FIG. 15 shows Western blot analysis of FS1-1. FS1-1 comprises 254 amino acids and has a presumed molecular weight of approximately 27 kD. On the other hand, the molecular weights obtained by Western blot analysis were 31 kD, 33 kD, and 37 kD. Since FS1-1 has a sugar chain addition site, it is thought that the molecular weights became bigger because of sugar chain addition.

Example 3 Assay of the Activity of the Follistatin Variant Polypeptides to Inhibit the Activin Functions and GDF-8 Functions by Reporter Assay

HEK293 cells (ATCC NO: CRL-1573) were inoculated on a 24-well plate at 5×104 cells/well and then cultured in 1 ml of a high-glucose-containing DMEM medium (produced by Sigma-Aldrich) supplemented with 10% FCS, penicillin (100 units/ml), and streptomycin (100 μg/ml) (hereinafter, referred to as a serum-containing DMEM medium) for 24 hours. The resultant was washed with phosphate buffered saline (PBS) and then transfected with reporter plasmid (CAGA)12-MLP-Luc (EMBO J., 17, 3091 (1998)) (3 μg/well) and internal standard plasmid CMV-β-gal (1 μg/well). Transfection was performed by culturing the cells in a serum-free DMEM medium (200 μl) supplemented with a mixed solution of a plasmid and cationic liposome (Transfast; produced by Promega) for 2 hours at 37° C. A serum-containing DMEM medium (1 ml) was further added, followed by 24 hours of culture at 37° C.

The cells were washed with PBS. A serum-free DMEM medium containing (a) activin (10 ng/ml), (b) GDF-8 (15 ng/ml), (c) activin (10 ng/ml) and follistatin (100 ng/ml), (d) GDF-8 (15 ng/ml) and follistatin (100 ng/ml), (e) activin (10 ng/ml) and 5 μl of a follistatin variant polypeptide FS1-1 solution, or (f) GDF-8 (15 ng/ml) and 5 μl of a follistatin variant polypeptide FS1-1 solution was added at 200 μl/well, followed by 24 hours of culture at 37° C. The cells were washed with PBS. Subsequently, a cell lysis buffer (1% (v/v) triton X-100, 15 mmol/l MgSO4, 4 mmol/l ethylene glycol-bis(2-aminoethylether)-N,N,N′,N′-tetraacetic acid, 1 mmol/l DL-dithiothreitol, 25 mmol/l glycylglycine, pH 7.0) was added at 100 μl/well. The resultants were allowed to stand at 0° C. for 15 minutes. Thus, cell lysis solutions were prepared. 50 μl of each cell lysis solution was mixed with 105 μl of a luciferase assay buffer (0.24 mmol/l luciferin, 1.4 mmol/l ATP, 4.8 mmol/l KH2PO4, 4.8 mmol/l MgCl2, pH 7.4), and then the amount of light emitted was measured using a luminometer (MicroLumat) LP98P; produced by BERTHOLD). Relative light units (RLU) during the period from the initiation of reaction to 20 seconds after the initiation were accumulated, and luciferase activity was thereby obtained. Subsequently, 35 μl of each cell lysis solution was mixed with 235μl of a β-galactosidase assay buffer (1.6 mg/ml o-nitrophenyl-β-D-galactoside, 60 mmol/l Na2HPO4, 40 mmol/l NaH2PO4, 10 mmol/l KCl, 1 mmol/l MgCl2, and 50 mmol/l β-mercaptoethanol). Optical density (OD) was measured using an absorption spectrometer (Microplate Reader Benchmark; produced by BIO-RAD). The value obtained by the following equation was designated as standardized luciferase activity and then used as an index of transcription-promoting activity.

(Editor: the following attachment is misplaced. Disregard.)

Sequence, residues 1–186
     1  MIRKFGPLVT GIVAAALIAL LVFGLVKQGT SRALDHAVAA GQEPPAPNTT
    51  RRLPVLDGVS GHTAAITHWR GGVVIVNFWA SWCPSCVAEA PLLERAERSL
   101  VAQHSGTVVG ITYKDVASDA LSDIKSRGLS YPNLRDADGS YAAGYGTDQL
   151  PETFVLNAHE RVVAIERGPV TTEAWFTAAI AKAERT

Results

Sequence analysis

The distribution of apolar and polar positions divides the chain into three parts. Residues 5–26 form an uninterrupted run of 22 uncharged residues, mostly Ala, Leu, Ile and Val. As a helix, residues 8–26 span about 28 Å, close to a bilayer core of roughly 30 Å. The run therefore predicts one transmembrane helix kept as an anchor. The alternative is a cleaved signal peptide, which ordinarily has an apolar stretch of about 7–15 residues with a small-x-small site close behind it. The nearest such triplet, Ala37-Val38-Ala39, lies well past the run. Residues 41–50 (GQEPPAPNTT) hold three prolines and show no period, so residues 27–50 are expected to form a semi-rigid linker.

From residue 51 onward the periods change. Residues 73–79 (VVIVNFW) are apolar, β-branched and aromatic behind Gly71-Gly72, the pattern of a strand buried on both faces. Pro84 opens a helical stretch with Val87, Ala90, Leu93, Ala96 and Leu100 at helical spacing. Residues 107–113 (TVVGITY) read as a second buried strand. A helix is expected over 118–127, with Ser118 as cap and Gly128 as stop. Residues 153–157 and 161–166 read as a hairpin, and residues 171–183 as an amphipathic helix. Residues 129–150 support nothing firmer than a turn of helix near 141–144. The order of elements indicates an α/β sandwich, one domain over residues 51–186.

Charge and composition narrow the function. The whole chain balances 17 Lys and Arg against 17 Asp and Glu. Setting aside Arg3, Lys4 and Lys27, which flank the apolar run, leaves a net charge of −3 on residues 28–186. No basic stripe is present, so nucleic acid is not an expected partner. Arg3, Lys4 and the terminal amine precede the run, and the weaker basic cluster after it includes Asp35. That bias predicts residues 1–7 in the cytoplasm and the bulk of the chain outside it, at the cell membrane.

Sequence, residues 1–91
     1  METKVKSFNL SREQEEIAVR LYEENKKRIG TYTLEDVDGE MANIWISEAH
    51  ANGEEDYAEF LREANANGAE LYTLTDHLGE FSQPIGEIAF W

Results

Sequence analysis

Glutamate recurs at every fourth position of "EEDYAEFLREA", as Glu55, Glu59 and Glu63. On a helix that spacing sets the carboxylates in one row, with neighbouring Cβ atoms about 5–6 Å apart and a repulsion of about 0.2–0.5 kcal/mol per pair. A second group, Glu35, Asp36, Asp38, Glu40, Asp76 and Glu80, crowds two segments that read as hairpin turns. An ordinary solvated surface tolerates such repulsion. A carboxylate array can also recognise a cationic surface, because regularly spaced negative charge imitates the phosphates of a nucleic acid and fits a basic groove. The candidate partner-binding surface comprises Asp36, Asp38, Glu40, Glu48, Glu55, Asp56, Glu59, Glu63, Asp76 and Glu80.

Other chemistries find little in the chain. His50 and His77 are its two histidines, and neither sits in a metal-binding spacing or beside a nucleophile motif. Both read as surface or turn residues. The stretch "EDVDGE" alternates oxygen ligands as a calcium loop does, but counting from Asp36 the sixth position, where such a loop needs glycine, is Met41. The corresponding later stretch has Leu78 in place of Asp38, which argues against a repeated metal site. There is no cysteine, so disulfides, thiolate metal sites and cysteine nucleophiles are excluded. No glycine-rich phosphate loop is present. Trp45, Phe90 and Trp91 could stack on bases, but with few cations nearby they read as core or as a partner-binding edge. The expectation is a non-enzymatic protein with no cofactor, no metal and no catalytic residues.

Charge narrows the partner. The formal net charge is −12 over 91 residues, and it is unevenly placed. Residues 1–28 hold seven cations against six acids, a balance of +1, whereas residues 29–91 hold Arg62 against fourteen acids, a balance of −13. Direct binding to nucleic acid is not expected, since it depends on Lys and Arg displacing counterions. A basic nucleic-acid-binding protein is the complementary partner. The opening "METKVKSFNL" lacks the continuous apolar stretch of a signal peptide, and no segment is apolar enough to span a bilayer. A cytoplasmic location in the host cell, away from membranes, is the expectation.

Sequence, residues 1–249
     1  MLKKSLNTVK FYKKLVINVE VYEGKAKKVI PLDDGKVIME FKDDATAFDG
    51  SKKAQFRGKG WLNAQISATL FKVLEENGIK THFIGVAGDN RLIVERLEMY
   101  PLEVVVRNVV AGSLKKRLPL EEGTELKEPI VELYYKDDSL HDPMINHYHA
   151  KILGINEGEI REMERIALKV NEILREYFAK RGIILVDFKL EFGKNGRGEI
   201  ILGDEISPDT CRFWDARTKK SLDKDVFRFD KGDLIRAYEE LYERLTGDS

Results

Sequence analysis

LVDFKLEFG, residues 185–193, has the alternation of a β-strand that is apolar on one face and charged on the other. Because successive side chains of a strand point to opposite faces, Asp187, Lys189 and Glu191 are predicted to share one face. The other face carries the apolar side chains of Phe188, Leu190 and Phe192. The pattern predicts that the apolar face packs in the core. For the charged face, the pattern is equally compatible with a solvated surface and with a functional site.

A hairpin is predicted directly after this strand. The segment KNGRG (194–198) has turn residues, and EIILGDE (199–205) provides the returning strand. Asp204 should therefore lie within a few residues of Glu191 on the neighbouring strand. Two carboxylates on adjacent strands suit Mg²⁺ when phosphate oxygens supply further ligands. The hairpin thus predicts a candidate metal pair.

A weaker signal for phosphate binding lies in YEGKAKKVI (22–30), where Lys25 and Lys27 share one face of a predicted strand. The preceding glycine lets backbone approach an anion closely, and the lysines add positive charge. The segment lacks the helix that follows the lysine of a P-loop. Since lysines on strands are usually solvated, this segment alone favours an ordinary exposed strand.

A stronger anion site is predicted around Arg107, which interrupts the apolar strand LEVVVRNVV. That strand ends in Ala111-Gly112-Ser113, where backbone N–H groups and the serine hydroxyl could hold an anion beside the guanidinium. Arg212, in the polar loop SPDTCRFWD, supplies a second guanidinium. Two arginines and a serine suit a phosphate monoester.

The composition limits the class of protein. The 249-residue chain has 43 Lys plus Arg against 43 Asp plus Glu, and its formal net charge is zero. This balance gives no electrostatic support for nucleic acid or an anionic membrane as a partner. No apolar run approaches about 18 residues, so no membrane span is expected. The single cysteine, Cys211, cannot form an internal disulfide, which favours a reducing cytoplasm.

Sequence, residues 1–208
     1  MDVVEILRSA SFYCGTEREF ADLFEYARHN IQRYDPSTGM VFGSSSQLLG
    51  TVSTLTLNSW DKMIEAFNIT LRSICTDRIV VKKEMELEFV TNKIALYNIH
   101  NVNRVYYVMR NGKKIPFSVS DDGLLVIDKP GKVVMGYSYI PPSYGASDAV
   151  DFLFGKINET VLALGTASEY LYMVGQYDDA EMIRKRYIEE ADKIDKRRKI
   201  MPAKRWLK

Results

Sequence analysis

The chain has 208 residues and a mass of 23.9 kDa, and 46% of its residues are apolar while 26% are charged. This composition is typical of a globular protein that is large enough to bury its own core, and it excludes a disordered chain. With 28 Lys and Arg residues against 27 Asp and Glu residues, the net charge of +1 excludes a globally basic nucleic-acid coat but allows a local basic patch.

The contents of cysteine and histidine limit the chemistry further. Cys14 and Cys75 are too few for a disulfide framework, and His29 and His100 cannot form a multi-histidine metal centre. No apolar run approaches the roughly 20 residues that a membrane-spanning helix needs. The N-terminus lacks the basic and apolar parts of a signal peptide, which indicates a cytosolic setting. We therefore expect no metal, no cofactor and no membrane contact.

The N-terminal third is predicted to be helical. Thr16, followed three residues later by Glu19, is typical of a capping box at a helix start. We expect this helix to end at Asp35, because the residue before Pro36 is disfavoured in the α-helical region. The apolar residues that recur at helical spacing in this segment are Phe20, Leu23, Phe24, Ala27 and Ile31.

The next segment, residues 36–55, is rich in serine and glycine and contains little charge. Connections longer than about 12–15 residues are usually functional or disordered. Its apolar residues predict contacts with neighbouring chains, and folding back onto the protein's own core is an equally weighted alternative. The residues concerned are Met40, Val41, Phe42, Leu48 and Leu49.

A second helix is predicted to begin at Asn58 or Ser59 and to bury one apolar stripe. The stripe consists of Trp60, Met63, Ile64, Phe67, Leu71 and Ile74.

Standardized luciferase activity=RLU/OD

Measurement results are shown in FIG. 16. Follistatin inhibited 100% of elevation in both the standardized luciferase activity due to activin and the same due to GDF-8. In the meantime, whereas the follistatin variant polypeptide inhibited 86% of elevation in the standardized luciferase activity due to GDF-8, it inhibited only 17% of elevation in standardized luciferase activity due to activin.